One of the problems when it comes to settle a RTK differential configuration (base + rover) is to be able to send the correction data from the base to the rover. Since communication is rather limited, an NTRIP network can then be implemented.
THE NTRIP PROTOCOL
Network transport of RTCM frames via the Internet Protocol (NTRIP) is a protocol for broadcasting differential GPS data (DGPS) over the Internet according to the specification published by RTCM. NTRIP is a generic, stateless protocol based on HTTP / 1.1 (Hypertext Transfer Protocol) and enhanced for GNSS data streams. It was developed by the German Federal Agency for Mapping and Geodesy (BKG) and the Department of Computer Science at the University of Dortmund.
Networked Transport of RTCM via Internet Protocol enables the mobile RTK GPS receiver (rover) to access data from the RTK base station over the internet to achieve 1cm accuracy.
How does NTRIP work?
NTRIP consists of two pieces of software which communicate over the internet. The server side runs NTRIP Caster software. The rover side runs the NTRIP Client software. The NTRIP caster is responsible for receiving the data stream from the base receiver and rebroadcasting it over a specified TCP (Transmission Control Protocol ) port.
Let’s say that a caster is configured to broadcast over TCP port 1000 and the external IP address of the computer running the caster software is 22.214.171.124. On the rover side, the NRTIP client software is told to connect to the server at IP address 126.96.36.199 on port 1000. This is usually done by the user in a simple form which makes it easy to change servers easily. Once the NTRIP client connects to the NTRIP caster the data stream is sent to the rover receiver via serial, Bluetooth, USB, etc.
The benefits of using NTRIP over radio setups
- Less equipment to carry in the field. Almost all data collectors, smartphones, and computers have the capability to connect to the internet even in a field setting. This is usually done through a SIM card.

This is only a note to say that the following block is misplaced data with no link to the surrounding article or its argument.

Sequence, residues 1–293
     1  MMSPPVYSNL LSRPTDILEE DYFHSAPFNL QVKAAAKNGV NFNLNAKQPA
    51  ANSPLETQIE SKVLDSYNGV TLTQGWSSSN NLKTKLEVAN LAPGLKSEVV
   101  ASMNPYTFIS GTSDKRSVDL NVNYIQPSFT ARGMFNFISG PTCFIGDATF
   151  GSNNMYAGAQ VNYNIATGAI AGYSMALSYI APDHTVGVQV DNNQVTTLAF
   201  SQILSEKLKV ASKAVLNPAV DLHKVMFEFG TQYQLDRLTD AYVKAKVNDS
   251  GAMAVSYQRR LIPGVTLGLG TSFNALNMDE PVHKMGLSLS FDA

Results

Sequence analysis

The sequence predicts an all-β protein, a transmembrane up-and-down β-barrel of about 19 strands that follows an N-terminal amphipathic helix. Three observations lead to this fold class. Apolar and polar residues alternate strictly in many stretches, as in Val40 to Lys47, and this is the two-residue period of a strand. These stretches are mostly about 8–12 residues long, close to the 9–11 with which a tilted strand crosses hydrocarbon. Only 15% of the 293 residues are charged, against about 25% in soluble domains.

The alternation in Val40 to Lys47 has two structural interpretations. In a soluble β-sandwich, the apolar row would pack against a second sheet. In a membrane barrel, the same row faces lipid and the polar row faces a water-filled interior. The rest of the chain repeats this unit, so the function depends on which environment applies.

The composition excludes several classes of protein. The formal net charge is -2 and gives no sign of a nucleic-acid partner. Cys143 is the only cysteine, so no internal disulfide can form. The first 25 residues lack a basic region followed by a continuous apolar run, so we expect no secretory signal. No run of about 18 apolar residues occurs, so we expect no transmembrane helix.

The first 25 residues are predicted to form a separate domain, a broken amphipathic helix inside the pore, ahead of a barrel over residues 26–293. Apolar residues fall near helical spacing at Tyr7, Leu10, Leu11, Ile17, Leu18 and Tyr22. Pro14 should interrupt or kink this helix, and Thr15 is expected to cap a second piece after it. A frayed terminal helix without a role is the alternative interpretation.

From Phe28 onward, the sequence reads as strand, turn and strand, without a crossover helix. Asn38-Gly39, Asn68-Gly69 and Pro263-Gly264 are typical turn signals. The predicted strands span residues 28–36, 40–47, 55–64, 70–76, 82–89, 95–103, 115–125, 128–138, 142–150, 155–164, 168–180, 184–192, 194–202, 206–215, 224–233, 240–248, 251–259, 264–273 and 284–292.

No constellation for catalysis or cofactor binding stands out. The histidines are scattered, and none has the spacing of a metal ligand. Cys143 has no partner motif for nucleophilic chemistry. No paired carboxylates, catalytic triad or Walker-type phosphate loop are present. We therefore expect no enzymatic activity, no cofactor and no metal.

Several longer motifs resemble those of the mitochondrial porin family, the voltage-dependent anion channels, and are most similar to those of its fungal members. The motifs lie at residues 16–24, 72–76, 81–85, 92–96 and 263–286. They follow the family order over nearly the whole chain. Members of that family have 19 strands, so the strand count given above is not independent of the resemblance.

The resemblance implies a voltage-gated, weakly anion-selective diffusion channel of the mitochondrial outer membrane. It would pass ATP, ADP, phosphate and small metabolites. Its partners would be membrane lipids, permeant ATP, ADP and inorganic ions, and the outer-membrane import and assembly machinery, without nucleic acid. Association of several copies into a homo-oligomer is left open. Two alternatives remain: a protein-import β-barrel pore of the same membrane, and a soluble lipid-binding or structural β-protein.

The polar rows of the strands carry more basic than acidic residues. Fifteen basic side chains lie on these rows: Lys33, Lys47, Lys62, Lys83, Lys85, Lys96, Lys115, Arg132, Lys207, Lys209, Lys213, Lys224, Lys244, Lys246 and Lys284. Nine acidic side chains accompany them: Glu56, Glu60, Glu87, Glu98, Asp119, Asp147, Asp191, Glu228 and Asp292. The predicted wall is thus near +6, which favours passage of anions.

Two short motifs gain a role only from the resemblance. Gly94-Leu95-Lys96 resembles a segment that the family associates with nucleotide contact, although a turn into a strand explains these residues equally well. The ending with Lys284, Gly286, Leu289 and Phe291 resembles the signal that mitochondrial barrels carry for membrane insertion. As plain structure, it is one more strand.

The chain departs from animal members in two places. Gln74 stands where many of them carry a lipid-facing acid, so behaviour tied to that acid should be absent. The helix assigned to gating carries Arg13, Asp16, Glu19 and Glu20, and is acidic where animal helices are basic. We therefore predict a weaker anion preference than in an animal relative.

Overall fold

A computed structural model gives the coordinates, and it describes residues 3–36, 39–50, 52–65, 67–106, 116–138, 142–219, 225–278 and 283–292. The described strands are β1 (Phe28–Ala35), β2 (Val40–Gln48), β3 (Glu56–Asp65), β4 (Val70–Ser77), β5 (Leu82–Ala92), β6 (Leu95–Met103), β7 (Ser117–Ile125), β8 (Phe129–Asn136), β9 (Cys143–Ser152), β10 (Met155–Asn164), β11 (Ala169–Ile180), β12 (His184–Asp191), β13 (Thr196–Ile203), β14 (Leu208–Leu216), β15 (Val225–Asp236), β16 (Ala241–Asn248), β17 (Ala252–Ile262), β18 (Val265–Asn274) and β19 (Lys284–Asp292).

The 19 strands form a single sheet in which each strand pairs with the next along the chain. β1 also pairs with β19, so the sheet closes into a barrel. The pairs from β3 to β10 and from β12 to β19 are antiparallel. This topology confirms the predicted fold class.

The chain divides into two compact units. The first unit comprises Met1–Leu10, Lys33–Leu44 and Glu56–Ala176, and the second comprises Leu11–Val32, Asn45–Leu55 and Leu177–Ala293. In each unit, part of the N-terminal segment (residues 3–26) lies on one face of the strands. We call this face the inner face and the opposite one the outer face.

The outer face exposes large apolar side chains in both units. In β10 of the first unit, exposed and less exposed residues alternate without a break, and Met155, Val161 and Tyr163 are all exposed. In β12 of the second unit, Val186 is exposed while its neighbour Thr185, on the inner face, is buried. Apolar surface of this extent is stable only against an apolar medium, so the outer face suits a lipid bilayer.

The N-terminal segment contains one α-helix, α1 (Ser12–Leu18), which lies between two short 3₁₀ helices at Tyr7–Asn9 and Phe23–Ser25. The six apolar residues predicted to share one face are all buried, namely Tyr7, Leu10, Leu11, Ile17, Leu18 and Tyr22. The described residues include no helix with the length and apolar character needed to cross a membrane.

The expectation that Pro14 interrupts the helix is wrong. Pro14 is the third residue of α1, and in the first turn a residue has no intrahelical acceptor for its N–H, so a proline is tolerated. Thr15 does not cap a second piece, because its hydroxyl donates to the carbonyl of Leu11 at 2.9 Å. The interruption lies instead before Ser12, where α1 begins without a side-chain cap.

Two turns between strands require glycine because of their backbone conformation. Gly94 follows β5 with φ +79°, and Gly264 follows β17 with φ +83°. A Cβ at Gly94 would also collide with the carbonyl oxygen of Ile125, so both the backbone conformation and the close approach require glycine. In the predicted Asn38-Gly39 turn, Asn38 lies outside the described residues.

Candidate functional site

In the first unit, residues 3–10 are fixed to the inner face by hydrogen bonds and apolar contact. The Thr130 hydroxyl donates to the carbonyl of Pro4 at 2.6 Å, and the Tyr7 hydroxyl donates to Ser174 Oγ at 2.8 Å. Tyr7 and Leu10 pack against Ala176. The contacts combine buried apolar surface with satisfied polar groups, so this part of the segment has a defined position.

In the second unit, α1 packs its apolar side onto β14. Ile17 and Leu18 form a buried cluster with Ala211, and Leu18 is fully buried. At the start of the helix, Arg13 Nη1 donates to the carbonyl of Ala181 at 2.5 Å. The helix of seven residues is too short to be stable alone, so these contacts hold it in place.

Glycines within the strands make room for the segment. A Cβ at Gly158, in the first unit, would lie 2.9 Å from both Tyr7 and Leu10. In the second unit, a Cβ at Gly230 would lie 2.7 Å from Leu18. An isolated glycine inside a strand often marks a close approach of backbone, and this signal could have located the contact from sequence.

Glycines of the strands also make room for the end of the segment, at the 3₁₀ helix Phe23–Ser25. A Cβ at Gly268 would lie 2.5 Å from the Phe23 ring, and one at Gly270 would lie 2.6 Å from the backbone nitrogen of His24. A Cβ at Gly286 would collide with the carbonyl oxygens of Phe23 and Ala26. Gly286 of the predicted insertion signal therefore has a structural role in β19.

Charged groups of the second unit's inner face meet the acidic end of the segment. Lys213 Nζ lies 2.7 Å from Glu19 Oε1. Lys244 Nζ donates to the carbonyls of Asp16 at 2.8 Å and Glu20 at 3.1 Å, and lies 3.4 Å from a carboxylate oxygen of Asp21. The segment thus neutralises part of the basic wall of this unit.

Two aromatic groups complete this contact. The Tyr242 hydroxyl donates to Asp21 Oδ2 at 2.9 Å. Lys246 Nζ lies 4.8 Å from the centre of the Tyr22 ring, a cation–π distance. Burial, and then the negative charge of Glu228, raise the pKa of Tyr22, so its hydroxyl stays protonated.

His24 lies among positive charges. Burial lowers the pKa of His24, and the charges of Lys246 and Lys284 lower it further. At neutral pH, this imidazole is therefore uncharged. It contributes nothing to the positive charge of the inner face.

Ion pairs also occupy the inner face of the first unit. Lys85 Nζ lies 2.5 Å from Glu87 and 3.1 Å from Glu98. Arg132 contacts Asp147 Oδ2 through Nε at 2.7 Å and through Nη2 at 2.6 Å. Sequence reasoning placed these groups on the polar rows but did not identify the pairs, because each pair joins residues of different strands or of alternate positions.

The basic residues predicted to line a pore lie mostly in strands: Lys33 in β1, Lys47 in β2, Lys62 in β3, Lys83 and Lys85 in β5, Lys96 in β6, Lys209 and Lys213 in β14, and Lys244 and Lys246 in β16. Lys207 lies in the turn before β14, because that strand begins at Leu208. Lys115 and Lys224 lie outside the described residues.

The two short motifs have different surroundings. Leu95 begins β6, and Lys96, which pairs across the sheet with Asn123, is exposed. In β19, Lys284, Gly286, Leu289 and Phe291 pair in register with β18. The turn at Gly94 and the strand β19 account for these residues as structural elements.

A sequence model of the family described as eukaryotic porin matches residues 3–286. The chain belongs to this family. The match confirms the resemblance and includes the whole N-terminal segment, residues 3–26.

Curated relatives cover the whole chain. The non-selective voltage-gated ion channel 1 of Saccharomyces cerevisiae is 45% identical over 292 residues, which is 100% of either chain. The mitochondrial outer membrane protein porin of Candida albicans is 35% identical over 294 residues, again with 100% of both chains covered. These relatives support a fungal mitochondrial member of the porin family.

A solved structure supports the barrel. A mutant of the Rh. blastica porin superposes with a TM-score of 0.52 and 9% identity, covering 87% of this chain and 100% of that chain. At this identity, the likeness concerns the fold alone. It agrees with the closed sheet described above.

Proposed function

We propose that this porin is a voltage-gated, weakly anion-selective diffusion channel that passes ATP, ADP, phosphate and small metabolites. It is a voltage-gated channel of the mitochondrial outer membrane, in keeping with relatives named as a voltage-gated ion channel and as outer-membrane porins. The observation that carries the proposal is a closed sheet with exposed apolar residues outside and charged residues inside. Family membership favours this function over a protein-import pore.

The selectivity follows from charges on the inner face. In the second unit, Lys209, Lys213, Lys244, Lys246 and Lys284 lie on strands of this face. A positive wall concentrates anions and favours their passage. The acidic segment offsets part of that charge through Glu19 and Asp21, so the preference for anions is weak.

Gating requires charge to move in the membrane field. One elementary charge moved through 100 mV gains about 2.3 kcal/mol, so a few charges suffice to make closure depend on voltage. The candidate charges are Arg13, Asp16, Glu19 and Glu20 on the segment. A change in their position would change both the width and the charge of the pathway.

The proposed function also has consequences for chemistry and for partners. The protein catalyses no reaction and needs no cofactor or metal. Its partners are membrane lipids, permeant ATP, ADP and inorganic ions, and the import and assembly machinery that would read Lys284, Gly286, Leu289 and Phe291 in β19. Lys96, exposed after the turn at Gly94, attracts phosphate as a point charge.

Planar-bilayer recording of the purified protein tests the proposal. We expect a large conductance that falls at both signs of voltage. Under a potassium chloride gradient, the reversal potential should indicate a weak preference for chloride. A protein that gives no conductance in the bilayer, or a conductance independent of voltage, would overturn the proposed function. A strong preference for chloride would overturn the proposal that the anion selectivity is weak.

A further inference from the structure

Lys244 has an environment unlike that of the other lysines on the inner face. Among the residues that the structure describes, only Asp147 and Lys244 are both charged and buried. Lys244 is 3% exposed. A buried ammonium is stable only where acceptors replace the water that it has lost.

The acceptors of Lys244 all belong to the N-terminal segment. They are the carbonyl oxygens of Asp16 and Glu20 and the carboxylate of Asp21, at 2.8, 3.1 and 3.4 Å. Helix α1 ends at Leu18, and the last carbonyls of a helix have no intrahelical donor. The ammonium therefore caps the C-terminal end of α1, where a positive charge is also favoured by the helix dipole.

- No license required (some radios require licensing).
- Mitigate the chance of radio interference.
- No limitation on communication range. 900MHz, VHF, and UHF radios have a limited range.
- Its application is not limited to one particular plain or coded stream content; it has the ability to distribute any kind of GNSS data.
- It has the potential to support mass usage; it can disseminate hundreds of streams simultaneously for up to a thousand users when applying modified Internet Radio broadcasting software.
- Regarding security needs,
The limits of using NTRIP:
- It requires the work area to be in range of cellular service for receiving corrections data via the Internet.
HOW TO USE NTRIP WITH DROTEK GPS RECEIVERS?
NTRIP allows a greater flexibility in terms of delivery port given that today all cellular terminals are 4G compatible. As a result, a simple mobile phone becomes an internet relay available on any type of terrain for passing RTCM correction data to any rover. In addition to its relative simplicity of use, unlike 433MHz radios that can only communicate point-to-point, this configuration has the advantage of being able to send the same data of corrections to several rovers at once.
If you want to get a step by step tutorial for using this protocol with our gnss receivers, you can follow this link and access our tutorial platform.